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OJ is OK: Tropicana re-emphasises nutritional benefits of juices

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Last week, Tropicana invited delegates to the sun-kissed shores of Florida to discuss the health benefits of "nature's original neutraceutical". Hugh Westbrook reports from the From Grove to Glass - Nutrition in the 21st Century conference and finds the juice market ready to tackle cholesterol through to cancer.

It may be time to regard a glass of freshly squeezed orange juice as something more than just a tasty drink to have with your toast in the morning. Florida-based juice company Tropicana is determined that a wider audience should know the full health benefits of "nature's original neutraceutical."

More than just Vitamin C, fresh orange juice provides a range of nutrients and vitamins, each of which carries significant health benefits. The US Food and Drug Administration handed Tropicana a licence in October last year to carry the claim that: "Diets containing foods that are good sources of potassium and low in sodium may reduce the risk of high blood pressure and stroke."

Tropicana research has indicated that 94% of adults in the US did not know that orange juice contains potassium, while 95% were unaware that increased potassium could help to lower blood pressure and therefore related diseases. It is better known that being sodium-free is beneficial and Tropicana juice can carry that claim, as it is not made from concentrate.

The potassium statement is typical of the new breed of health claim, where a food is promoted not so much for what it doesn't have, such as low-fat, but for the beneficial nutrient which it does contain. And doctors are pleased that a product as popular as Tropicana is now promoting the potassium message.

Emphasising the health benefits of orange juice should also do nothing but good for Tropicana's marketing.

Information about potassium was part of the nutritional analysis of orange juice presented to delegates at From Grove to Glass - Nutrition in the 21st Century, a conference in March organised by Tropicana to highlight nutritional benefits to health from a variety of food and drinks.

Dr. Carla McGill

Tropicana's Principal Nutrition Scientist, Carla McGill, demonstrated that an 8oz glass of freshly squeezed orange juice contains a number of benefits, further emphasising a shift towards positive health messages.

Aside from containing more than the daily recommendation of Vitamin C, which among other things helps with cuts and the immune system, it also contains 15% of the daily value of folate. The importance of folate to women planning or carrying babies is well known, but it is also helpful in cell production, while bringing about a decrease in homocysteine, the presence of which can lead to heart problems.

Orange juice also contains Thiamine, which helps convert carbohydrates to energy; Niacin, which helps with energy production; and Vitamin B6, which helps the body make various important substances such as insulin.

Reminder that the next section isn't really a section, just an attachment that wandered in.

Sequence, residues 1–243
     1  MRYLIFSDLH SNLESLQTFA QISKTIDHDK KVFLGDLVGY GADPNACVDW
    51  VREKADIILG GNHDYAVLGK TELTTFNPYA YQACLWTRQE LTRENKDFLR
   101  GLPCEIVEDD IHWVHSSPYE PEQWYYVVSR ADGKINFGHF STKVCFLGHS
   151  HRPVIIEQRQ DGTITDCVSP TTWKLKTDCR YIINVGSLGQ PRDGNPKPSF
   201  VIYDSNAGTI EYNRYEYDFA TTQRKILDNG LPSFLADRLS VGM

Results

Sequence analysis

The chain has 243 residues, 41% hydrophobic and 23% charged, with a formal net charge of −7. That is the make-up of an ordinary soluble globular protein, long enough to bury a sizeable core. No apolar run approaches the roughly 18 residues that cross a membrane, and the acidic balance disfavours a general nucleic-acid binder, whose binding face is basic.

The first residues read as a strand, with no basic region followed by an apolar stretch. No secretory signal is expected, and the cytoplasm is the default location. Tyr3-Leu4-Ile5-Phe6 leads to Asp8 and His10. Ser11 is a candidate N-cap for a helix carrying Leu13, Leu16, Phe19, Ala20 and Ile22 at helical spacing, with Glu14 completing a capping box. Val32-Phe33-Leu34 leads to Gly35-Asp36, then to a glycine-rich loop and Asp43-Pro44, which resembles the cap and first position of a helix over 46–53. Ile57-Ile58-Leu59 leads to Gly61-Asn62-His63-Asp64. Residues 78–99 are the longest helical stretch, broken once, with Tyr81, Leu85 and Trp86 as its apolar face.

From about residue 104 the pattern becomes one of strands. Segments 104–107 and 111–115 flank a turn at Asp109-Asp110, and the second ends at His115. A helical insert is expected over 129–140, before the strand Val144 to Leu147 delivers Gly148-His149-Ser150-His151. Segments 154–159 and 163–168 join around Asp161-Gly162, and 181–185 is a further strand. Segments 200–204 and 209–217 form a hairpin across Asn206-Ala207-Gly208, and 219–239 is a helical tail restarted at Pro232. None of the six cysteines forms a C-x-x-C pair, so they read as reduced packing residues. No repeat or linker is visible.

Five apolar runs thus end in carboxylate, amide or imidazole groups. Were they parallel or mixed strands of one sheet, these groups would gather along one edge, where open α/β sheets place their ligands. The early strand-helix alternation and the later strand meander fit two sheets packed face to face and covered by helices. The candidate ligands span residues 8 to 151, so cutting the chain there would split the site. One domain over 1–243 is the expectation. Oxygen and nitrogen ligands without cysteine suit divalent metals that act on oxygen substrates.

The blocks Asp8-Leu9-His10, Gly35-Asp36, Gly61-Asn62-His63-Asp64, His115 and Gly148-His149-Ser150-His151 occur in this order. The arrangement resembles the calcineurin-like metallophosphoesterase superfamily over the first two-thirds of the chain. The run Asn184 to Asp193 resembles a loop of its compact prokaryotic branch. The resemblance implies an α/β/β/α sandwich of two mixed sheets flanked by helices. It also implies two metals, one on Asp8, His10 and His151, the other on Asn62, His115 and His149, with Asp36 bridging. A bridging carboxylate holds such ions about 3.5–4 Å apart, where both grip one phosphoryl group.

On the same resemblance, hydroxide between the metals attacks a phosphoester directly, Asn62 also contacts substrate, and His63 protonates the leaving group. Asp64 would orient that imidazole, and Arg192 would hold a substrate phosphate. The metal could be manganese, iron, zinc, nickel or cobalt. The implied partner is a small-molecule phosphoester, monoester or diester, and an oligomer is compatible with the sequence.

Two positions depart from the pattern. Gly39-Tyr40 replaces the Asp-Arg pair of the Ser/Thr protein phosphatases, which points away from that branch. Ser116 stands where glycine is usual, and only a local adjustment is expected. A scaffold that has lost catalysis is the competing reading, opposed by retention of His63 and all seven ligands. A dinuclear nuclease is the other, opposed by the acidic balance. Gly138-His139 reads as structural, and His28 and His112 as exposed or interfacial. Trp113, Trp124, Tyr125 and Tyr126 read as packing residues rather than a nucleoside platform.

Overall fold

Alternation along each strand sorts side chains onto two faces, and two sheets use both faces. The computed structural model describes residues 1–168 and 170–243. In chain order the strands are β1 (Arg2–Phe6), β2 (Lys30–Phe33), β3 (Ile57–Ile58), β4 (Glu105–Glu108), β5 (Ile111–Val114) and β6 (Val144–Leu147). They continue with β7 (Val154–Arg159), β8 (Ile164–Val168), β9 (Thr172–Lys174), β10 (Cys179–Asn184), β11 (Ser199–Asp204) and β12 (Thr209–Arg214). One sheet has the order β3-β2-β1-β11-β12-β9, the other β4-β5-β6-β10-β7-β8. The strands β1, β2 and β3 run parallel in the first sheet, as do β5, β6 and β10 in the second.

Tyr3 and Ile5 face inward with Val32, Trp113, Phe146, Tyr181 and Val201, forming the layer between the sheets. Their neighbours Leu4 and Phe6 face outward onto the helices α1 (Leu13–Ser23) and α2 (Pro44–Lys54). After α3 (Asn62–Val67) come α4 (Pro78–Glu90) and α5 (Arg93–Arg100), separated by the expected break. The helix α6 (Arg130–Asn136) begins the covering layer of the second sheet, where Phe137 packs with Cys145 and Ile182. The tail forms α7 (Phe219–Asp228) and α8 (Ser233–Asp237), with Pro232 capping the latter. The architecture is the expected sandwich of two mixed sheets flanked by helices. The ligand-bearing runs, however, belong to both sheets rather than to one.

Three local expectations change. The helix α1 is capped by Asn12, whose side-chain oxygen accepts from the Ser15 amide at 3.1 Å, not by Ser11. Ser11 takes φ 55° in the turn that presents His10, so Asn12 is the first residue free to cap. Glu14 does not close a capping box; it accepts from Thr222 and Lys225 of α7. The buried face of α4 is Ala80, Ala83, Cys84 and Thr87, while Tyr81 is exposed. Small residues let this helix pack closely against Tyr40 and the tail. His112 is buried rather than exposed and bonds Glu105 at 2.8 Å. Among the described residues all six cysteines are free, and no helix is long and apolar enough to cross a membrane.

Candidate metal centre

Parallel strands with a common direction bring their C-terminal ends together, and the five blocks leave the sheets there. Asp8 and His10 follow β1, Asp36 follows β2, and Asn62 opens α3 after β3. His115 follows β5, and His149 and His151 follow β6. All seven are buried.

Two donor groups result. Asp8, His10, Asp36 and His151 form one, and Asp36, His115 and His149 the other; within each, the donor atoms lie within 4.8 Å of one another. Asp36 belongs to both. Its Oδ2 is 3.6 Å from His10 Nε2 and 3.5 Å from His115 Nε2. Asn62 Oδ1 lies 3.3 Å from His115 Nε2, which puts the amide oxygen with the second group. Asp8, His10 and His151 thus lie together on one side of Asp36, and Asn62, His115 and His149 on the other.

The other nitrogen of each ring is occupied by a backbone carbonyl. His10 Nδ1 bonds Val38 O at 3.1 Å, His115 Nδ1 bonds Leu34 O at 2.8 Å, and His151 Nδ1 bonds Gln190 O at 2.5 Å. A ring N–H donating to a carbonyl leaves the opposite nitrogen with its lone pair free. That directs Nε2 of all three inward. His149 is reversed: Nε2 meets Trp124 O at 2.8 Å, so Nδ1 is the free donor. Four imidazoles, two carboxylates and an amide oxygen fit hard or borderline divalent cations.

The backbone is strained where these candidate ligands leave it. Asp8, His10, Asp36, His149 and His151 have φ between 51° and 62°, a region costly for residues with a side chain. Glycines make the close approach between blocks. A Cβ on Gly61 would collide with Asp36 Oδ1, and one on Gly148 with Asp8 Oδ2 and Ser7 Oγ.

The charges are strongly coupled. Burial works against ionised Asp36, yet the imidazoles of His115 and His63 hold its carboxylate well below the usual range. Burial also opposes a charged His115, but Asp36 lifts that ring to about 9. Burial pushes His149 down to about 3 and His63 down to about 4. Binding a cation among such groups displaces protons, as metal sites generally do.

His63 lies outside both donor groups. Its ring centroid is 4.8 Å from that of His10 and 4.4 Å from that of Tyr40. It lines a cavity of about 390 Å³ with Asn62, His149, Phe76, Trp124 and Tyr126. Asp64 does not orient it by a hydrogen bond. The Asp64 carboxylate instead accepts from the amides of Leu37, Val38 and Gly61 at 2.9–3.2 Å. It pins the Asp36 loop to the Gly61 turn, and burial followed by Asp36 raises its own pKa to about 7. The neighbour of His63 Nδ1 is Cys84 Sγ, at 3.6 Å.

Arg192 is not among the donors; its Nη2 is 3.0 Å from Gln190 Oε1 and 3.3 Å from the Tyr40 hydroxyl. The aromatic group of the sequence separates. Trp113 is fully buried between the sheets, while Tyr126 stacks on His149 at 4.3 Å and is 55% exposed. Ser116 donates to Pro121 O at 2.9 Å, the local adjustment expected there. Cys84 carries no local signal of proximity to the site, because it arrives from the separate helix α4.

This is not the end of the nutritional message. Dr McGill described "a new crop of nutrients" known as phytochemicals, which are plant chemicals, more than 170 of which are present in orange juice. She described it as an area, which is just beginning to be understood.


While many Americans are aware of the need to eat in a certain way, awareness does not equate to action

However, she cited Carotenoids, which help with eyes and preventing prostate cancer; Limonoids, which also have an anti-cancer activity; and Flavonoids, which also have an anti-cancer function and extend the action of Vitamin C.

Dr McGill was keen to make the point that simply drinking orange juice is not going to make all of a person's health problems go away, and that other fruit and vegetables need to form part of the recommended 'five a day' concept, which is gaining international currency. Nevertheless, consuming it as part of a balanced, healthy diet could give a person more chance of preventing a number of diseases.

So why does Tropicana feel the need to promote the health benefits of orange juice? A number of speakers pointed out that while many Americans are aware of the need to eat in a certain way, awareness does not equate to action, while Dr McGill suggested that health messages are getting more complicated and that 43% of Americans are tired of being told what to eat. She added that nearly 45% of Americans eat the recommended five a day fruit and vegetables. But when it is pointed out that the top two are iceberg lettuce and chips, the figure is somewhat less impressive.

As well as orange juice being nutrient-packed in its own right, Tropicana also sells an orange juice containing FruitCal, which adds extra calcium to the mix. It also stresses that grapefruit juice contains potassium, folate, thiamine and niacin, though not in the same quantities as orange juice.

The status of grapefruit juice is interesting, as it has been shown to inhibit the action of some drugs, such as those involved with lowering cholesterol. The reason for this has not yet been established, but it demonstrates that eating for health can carry side effects in the same way that medication can and that claims about a healthy diet have to be tailored to individuals.

Tropicana has succeeded in publicising the health benefits of orange juice. It will be interesting to see how the sales of freshly squeezed juices are affected as a result.

OJ is OK: Tropicana re-emphasises nutritional benefits of juices

Canadean have recently published their new "Global Juice & Nectars Report 2000" providing further details on global juice consumption and market trends. Visit:
/store/products_detail.asp?art=11541


Companies: Tropicana

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